The high cost of tickets for Olympic medal sessions in athletics, track cycling and swimming has been criticised by the London Assembly.
With the cheapest tickets selling for £50, the Assembly's economy committee says there are lessons to be learned for future sporting events in the capital.
In a report called The Price Of Gold, the committee says sports fans paid an average of £333 to see Mo Farah win the men's 5,000m final.
Almost 60% of people who bought a ticket for the men's 100m final paid more than £294, while seeing Tom Daley land bronze in the 10m platform diving cost an average of £203.
London 2012 has been rightly praised for staging a "hugely successful" Games which were a "fantastic spectacle," the report says.
It also applauds affordable tickets plans such as the Pay your Age scheme for children, which also saw those over 60 pay a £16 flat fee.
But although London 2012 kept its promise to spread tickets evenly across its five price categories, the amounts charged "varied between sessions and, for a large number, were skewed towards the high end".
The committee said the average ticket price for Olympic athletics medal sessions was £231.88, with a fifth of tickets costing more than £400.
Committee chairman Andrew Dismore said: "For many ordinary people, the lack of available affordable tickets for certain sessions meant there was little chance of them being in the crowd to see their sporting heroes win gold.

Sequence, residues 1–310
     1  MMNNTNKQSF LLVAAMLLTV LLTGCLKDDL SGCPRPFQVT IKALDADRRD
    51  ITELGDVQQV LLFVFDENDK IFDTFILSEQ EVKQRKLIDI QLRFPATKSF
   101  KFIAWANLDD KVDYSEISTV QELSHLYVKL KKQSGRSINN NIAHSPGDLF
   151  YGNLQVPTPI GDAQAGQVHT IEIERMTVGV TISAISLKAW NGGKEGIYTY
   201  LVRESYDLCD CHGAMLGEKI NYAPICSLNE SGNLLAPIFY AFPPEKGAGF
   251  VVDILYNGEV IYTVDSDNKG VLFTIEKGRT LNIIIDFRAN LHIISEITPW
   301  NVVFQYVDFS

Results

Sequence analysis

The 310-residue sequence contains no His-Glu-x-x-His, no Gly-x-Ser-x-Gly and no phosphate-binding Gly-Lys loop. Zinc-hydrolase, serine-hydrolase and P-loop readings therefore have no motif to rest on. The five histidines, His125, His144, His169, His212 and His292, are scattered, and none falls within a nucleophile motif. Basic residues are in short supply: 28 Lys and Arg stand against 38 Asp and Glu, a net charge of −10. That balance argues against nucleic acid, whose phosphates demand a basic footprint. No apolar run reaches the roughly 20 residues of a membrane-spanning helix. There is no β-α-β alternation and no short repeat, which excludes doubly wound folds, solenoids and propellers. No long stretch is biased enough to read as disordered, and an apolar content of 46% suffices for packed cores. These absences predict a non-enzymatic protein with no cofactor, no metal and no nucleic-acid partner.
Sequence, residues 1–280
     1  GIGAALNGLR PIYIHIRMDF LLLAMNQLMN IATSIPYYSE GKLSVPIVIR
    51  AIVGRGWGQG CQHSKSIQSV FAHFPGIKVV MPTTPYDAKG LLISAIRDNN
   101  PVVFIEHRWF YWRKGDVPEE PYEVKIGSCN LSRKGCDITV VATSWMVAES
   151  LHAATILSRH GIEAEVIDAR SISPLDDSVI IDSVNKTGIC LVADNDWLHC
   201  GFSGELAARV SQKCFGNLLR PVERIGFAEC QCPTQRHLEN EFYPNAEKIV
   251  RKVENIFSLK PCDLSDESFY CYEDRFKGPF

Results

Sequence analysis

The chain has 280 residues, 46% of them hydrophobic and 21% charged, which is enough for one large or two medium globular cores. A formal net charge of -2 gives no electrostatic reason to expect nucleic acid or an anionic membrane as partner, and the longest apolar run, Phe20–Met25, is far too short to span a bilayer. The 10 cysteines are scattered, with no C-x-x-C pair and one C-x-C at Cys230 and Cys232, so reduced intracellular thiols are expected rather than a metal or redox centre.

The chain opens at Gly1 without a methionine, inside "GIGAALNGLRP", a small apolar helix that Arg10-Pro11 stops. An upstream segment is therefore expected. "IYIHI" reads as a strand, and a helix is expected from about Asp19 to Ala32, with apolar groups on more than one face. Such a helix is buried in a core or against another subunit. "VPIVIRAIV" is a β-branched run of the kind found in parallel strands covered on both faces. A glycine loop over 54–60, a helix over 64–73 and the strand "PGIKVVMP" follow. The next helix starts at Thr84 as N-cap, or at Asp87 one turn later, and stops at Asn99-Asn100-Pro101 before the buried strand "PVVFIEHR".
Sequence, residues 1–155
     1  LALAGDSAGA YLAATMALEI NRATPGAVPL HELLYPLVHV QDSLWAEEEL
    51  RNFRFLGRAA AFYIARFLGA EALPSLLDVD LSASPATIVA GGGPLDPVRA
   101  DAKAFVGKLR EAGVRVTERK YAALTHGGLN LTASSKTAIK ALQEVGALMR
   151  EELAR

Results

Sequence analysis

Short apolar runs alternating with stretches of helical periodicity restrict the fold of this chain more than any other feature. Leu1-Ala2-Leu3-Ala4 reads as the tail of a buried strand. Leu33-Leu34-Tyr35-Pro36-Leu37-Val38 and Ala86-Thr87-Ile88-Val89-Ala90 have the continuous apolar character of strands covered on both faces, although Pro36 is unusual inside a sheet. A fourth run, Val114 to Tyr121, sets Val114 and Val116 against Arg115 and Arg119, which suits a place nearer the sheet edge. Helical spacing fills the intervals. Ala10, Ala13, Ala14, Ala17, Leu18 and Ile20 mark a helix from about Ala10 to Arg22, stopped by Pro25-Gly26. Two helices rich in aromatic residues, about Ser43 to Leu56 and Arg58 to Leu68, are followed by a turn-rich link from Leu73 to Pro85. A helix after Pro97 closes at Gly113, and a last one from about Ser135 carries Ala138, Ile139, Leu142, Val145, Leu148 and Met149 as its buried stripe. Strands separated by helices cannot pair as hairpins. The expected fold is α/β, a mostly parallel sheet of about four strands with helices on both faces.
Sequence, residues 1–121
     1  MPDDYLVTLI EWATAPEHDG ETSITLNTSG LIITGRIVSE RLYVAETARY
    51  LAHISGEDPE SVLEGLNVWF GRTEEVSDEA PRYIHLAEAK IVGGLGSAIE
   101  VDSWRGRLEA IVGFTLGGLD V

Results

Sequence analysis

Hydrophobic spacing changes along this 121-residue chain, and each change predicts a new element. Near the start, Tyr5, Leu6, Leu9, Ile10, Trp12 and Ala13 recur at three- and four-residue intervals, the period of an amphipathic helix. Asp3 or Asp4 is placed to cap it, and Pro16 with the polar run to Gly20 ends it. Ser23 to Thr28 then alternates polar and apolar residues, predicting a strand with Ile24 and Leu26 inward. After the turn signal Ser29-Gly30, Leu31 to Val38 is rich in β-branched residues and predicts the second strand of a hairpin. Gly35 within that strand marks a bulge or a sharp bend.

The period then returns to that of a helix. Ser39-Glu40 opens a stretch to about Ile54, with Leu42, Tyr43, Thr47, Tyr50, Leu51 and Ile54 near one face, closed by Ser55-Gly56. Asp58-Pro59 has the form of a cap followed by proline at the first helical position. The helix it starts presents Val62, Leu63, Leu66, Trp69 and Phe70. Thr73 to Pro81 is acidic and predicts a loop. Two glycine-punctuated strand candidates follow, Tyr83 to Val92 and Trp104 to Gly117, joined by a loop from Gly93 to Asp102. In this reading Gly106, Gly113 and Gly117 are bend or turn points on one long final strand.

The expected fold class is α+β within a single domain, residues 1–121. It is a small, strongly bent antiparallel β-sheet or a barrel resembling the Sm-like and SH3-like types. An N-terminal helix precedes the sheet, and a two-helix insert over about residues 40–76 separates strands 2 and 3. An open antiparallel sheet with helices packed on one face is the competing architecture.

"Given that ticket sales massively exceeded their target, this was a missed opportunity to reward those taxpayers who funded the Games and inspire a generation to participate in sport.
"We must learn the lessons from London Olympics and Paralympics if we are to host future sporting championships successfully."
The committee accepted the principle of charging more for medal sessions but suggested there should be a minimum number of affordable tickets available at future events.
It also recommended a minimum proportion of tickets for the public for each session as well as an overall target for the entire competition.
London 2012 raised £657m from ticket sales, easily beating its target of £500m, the committee noted.
A London 2012 spokesman said: "We needed to raise the money to stage the Games, but we also wanted to ensure they were accessible and affordable to as many people as possible.
"We feel we achieved this with more than 75% going to the public for the Olympic Games and 91% for the Paralympic Games."
Among future sporting events being hosted in London are the 2015 European field hockey championships, the 2017 athletics world championships and the 2017 Paralympic athletics world championships.
The capital has also bid for the 2014 European swimming championships and the 2015 track cycling world championships.